From fashion design to construction, one Dunwoody student is pursuing her dreams
Kia Arendt always wanted to create, to build, and to make things better. Now about to get her degree in Construction Project Management from Dunwoody, she is close to making that goal a reality.
It has been a long journey for the Zumbrota, Minnesota, native and one that has had some twists along the way.
A first career
Growing up, Arendt moved around a lot—from Zumbrota to Red Wing and then Roberts, Wisconsin, for high school, where she attended St. Croix Central.
After high school, Arendt moved to Minneapolis and attended the University of Minnesota for three years before transferring to the Art Institute and earning her Bachelor of Fine Arts in Fashion Design in 2016.
The first in her family to graduate college, Arendt worked as a product designer for three years before a tragedy changed her life and her direction.
“When my mom died of cancer, I knew it was time for a change,” Arendt said. “So I took time to ponder the meaning of life. I thought about if I was happy and what I wanted.”
So she got a job managing a barber shop in Minneapolis, where she met some great people who persuaded her to go back to school after COVID hit.
“I was always interested in building and constructing, but I didn’t think I could do it,” Arendt said. “I was just a silly girl with a fashion degree. But in the end, I can’t make excuses for myself. I needed to invest in myself, go back to school and do something I always wanted.”
A growing interest
Arendt’s interest in construction was first apparent when she built tree houses with her siblings growing up. As she got older that interest grew.
“Growing up, we were always very creative kids,” she recalls. “I wanted to create, and build, and make things better. I was very interested in how things work. How you could start with an idea and end with an actual built structure.”
During her career in product design, Arendt got to put those interests and talents to work when her department managed the redesign of a design studio.
“I got to be in charge of the whole project,” she said. “It was the most rewarding and fun experience I ever had. It made me really excited to get into that.”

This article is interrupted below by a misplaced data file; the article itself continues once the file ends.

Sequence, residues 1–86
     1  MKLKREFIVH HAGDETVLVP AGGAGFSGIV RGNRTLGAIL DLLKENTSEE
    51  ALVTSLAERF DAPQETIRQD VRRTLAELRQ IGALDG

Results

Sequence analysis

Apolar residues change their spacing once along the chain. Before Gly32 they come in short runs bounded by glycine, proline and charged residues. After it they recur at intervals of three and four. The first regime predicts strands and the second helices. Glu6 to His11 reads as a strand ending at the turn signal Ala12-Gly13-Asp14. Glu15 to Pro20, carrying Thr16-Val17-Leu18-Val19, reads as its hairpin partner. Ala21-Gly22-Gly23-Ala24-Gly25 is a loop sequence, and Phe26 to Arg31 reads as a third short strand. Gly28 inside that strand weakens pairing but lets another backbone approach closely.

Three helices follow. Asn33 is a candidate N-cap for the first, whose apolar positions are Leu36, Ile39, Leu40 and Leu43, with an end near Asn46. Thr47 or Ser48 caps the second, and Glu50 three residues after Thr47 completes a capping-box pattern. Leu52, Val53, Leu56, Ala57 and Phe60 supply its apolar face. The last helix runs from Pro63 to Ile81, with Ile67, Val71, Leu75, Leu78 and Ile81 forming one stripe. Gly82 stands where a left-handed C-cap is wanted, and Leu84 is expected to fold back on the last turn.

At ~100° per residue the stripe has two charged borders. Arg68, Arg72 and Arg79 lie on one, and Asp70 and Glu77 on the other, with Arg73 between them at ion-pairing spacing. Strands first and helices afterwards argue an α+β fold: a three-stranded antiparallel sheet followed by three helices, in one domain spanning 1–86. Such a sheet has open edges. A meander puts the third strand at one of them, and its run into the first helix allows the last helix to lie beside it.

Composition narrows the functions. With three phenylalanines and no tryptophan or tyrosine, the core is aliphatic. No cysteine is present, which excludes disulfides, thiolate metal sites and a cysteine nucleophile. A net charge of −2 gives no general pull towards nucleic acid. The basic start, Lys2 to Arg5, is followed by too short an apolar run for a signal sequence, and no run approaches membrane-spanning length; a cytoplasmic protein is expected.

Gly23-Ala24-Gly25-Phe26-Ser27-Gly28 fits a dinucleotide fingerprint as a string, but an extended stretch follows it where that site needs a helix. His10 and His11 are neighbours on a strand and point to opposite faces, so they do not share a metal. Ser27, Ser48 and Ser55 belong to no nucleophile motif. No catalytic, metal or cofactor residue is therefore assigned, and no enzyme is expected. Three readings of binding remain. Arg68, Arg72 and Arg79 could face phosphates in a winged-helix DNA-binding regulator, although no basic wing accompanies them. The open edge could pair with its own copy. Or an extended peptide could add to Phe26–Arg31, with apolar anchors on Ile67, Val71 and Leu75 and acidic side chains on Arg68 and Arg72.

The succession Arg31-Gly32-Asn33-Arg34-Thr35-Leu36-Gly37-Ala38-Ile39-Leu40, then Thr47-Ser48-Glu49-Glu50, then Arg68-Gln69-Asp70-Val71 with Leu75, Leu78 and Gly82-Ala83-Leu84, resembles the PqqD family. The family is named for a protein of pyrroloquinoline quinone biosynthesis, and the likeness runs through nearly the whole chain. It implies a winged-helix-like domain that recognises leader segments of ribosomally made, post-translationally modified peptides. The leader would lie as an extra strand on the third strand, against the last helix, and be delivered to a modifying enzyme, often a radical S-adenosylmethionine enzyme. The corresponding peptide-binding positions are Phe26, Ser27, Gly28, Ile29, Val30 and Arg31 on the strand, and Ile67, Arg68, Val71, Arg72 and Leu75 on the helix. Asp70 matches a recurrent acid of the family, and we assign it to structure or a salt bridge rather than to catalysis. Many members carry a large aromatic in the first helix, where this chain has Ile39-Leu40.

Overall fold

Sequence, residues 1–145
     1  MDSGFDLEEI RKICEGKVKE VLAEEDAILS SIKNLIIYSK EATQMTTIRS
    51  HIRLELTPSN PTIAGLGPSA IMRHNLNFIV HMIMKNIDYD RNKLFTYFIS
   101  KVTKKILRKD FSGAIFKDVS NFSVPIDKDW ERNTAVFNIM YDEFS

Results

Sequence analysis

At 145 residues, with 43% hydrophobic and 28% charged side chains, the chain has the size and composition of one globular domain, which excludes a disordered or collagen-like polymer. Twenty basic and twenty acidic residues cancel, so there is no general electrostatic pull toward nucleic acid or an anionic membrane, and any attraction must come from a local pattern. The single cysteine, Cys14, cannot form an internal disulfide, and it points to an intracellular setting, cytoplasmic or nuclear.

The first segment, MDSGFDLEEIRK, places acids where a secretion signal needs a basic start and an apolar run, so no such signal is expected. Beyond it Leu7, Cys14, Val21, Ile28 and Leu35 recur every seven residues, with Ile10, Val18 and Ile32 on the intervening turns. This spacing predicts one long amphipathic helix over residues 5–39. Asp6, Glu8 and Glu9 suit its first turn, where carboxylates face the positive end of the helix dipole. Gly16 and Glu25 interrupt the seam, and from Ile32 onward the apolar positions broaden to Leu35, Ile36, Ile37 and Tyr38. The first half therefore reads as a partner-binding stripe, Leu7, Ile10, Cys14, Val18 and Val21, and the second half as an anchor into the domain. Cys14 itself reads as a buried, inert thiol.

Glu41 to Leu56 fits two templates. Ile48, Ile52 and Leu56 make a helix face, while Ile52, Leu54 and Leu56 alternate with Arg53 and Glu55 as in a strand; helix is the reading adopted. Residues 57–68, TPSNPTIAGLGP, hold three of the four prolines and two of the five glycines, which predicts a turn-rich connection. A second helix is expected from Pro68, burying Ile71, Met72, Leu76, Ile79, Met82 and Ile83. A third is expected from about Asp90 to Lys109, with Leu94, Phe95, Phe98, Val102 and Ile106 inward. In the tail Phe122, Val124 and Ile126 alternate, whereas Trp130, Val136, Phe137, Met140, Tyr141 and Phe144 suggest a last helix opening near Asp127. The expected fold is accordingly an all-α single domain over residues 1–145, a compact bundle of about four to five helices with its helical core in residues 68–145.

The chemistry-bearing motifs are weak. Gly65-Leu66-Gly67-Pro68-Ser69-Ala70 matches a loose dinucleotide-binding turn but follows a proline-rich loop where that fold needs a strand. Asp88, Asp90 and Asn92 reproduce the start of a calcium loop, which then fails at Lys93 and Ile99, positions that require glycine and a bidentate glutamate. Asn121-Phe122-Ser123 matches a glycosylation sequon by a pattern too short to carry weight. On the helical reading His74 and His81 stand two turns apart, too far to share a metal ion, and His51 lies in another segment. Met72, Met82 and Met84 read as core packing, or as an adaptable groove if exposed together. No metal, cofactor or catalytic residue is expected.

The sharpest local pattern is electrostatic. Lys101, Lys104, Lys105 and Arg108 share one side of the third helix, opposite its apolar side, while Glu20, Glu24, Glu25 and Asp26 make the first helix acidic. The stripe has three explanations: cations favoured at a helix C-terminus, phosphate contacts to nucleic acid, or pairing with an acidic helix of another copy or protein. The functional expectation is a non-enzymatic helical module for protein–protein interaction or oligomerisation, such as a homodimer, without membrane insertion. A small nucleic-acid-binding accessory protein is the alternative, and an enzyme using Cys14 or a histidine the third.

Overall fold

A new beginning
Once she had made up her mind to pursue her passion, Arendt started researching a handful of schools.
“Dunwoody had the best reputation and placement rates, along with rave reviews,” she said. “This is the fourth university or college I’ve been to, and it has been the best I’ve ever attended.
“Everyone has been so helpful. I feel like they truly care about the education I get, and it means more to me than I ever imagined.”
But attending Dunwoody would not have been possible without the scholarship support she received from the Schulze Family Foundation.
“Receiving the Richard M. Schulze Scholarship is 100 percent the reason I am able to attend Dunwoody right now,” Arendt said. “The past year, being as crazy as it was, I knew I couldn’t take another big financial hit. So I was really on the fence about investing in myself. Getting this scholarship meant the world to me. Without it I wouldn’t be able to be here, and I’m eternally grateful. It makes me so happy to know there are people out there who are willing to invest in strangers and their futures. I hope to pay it forward someday.”
A bright future
Arendt is graduating this May with a Certificate in Construction Project Management, allowing her to quickly move into the construction field.
“My goal is to acquire an internship at a company,” she said. “I want to start at the bottom so I can learn everything from the ground up. I want to know everything there is about the field.”
That intense sense of curiosity has always been a driving force in Arendt’s life. She even drives around the Twin Cities looking at all of the buildings under construction.
And during her courses, Arendt not only loves learning new things, but then applying that knowledge in real life.
“I really like being able to break things down and understand why we are doing something and the way things work,” she said. “That way I know what is coming next. And the faculty have been amazing. They have been so helpful. Their experience in the field has been so evident. They don’t just give you the answer. It’s been so refreshing and so different than what I’m used to.”
Being a woman in a field that is filled with mostly men can be challenging, and Arendt said she has already had people in her circle who have questioned her career choice.
“Everyone’s reaction was that was a man’s job,” she said. “But I want to make cities too. And in the end they have been supportive because they knew I wouldn’t be doing it if I wasn’t passionate about it.”
Arendt plans to work in commercial construction because she is fascinated with big buildings and the construction process behind them. She also wants to work at a company where she can grow professionally over time. “I want to be someplace where I can be for the life of my career. I take pride in where I work, that’s really big for me,” she said.
She also loves the entire process of managing a project from start to finish.
“Solving problems in one of my all-time favorite things,” Arendt said. “And that’s a lot of what being a construction project manager is.”